When the Finance Minister AHM Mustafa Kamal said in parliament on Wednesday that he doesn't "have a list of those who took the money", in reply to a question on money laundering, a large number of people were left aghast.
Only on 29 May, an investigative journalistic piece in a local daily reported that none other than the wife of a member of parliament – Shafiqul Islam Shimul – had purchased a house in Toronto of Canada for a million and a half Canadian dollars.
In fact, Canada, and more specifically, Begum Para of Toronto, has become the epicenter of conversations surrounding money laundering from Bangladesh. There is of course no real area named Begum Para in Toronto, but is actually a reference to the posh neighborhoods where increasing numbers of well-off Bangladeshis reside.
A large part of these Bangladeshis – by the admission of the foreign minister AK Abdul Momen himself in November last year – are government servants. The Anti-Corruption Commission later opened an investigation into 28 houses owned by government officials in Canada while the High Court issued an injunction to restrain people from laundering money abroad and directed intelligence agencies to take appropriate steps to stop the laundering of money.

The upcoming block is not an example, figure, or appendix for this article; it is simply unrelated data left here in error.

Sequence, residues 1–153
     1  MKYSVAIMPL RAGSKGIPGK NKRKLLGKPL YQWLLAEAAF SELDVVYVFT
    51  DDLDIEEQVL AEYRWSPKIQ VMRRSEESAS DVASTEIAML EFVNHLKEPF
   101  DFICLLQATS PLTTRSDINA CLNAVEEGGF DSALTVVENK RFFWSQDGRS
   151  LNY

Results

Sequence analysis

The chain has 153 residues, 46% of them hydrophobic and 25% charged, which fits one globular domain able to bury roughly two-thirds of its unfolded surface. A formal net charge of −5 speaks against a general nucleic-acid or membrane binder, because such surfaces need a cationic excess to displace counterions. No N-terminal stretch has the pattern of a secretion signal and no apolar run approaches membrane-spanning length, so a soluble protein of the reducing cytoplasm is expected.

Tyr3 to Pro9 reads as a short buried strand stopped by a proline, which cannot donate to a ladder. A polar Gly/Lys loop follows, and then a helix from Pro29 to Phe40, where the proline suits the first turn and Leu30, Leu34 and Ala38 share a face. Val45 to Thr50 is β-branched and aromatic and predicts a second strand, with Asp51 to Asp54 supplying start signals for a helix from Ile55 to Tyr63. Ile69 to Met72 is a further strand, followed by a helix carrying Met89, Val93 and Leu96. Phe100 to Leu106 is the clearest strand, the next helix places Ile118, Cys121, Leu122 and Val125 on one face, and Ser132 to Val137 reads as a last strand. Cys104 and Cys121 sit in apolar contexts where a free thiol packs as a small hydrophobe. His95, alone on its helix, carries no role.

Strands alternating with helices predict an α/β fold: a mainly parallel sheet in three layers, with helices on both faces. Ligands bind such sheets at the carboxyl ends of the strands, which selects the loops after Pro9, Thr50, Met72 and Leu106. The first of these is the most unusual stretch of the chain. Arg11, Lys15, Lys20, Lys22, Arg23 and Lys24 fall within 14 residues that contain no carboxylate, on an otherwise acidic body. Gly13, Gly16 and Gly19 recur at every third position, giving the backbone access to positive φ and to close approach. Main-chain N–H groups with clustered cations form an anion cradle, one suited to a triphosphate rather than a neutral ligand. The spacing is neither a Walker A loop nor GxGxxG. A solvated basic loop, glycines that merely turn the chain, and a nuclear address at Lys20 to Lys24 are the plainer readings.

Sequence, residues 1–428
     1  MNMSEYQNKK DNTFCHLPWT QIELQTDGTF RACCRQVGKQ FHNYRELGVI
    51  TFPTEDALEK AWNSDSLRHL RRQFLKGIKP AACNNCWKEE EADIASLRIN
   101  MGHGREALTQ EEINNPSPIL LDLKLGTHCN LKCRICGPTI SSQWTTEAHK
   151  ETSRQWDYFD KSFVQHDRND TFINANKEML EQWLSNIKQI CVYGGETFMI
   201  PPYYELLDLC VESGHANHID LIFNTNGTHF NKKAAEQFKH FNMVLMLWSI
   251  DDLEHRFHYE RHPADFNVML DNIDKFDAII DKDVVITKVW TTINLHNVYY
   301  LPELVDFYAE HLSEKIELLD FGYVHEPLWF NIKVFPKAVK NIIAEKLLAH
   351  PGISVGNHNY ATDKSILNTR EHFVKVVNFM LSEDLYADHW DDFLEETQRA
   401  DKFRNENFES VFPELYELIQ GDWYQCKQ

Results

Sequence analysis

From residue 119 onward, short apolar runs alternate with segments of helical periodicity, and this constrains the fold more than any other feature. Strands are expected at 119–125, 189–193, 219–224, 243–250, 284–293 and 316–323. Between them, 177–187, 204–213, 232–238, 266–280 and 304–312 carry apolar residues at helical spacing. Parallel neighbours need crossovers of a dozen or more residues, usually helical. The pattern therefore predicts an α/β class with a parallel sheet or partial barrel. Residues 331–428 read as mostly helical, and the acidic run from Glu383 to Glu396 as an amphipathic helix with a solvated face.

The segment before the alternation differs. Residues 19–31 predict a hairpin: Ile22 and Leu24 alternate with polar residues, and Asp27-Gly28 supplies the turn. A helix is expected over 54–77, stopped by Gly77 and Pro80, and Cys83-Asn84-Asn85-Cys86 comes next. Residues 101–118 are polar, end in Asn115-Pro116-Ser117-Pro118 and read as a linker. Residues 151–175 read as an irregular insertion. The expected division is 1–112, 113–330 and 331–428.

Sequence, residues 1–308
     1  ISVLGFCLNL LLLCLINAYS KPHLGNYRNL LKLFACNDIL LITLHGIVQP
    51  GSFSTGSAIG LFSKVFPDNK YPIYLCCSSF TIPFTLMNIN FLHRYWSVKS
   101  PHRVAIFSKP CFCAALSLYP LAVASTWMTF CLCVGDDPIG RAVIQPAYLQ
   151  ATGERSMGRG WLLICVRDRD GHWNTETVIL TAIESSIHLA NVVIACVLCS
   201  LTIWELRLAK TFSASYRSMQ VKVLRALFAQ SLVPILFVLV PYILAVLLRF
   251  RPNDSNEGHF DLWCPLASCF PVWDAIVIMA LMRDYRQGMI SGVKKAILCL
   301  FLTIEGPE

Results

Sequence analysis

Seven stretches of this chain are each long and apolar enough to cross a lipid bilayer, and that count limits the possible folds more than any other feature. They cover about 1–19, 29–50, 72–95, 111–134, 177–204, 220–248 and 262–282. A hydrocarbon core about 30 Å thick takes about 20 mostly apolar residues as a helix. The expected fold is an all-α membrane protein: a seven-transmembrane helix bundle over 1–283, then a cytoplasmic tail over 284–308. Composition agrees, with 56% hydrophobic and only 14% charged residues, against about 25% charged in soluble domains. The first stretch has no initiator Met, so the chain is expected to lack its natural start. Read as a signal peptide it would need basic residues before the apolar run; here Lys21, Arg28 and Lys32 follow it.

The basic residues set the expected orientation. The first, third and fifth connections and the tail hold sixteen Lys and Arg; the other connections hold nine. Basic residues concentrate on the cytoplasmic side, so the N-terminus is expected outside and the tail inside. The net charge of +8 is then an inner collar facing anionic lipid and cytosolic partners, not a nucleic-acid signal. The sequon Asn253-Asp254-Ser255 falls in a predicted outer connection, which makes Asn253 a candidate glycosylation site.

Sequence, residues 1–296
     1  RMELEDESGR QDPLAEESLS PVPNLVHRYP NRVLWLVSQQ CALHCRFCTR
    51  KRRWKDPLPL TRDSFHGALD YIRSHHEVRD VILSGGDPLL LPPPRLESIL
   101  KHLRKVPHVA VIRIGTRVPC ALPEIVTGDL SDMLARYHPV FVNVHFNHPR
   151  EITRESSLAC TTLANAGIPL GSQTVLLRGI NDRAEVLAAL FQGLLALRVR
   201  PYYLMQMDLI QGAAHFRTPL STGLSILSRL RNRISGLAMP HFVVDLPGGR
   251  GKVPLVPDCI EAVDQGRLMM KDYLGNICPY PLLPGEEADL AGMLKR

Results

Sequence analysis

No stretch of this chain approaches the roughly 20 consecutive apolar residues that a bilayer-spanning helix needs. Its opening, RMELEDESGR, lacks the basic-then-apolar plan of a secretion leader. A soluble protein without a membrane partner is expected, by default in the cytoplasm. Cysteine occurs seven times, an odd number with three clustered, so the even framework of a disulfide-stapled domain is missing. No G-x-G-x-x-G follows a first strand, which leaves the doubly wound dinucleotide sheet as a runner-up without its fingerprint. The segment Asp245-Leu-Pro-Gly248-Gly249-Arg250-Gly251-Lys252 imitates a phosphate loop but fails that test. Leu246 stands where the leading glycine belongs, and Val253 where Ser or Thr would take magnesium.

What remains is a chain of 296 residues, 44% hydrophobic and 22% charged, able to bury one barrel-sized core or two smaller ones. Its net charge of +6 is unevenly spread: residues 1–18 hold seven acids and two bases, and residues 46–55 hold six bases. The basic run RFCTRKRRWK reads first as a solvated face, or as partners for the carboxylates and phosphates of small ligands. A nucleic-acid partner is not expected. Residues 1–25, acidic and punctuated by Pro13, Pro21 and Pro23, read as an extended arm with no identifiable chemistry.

In recent years, the involvement of politicians and business in money laundering and capital flight have led to major scandals. Former Member of Parliament Mohammad Shahidul Islam was accused of laundering 53 million Kuwaiti dinars (1,400 crore takas) and later sentenced to four years in Kuwaiti jail. Another Bangladeshi escapee to Canada – Prasanta Kumar Haldar – reportedly fled with 3,500 crore takas with the help of Bangladesh Bank officials.
Meanwhile, according to Immigration Canada, from 2015 to 2019, 16,325 Bangladeshi citizens got permanent residence in Canada.
A Global Financial Integrity (GFI) report in March 2020 said that Bangladesh lost $7.53 billion a year between 2008 and 2017 in capital flight, which mostly happened through trade misinvoicing.
According to the Swiss National Bank's annual report released in June last year, deposits by Bangladeshi citizens in Swiss banks stood at 603.02 million Swiss francs.
All these, and the Minister is still looking for a list.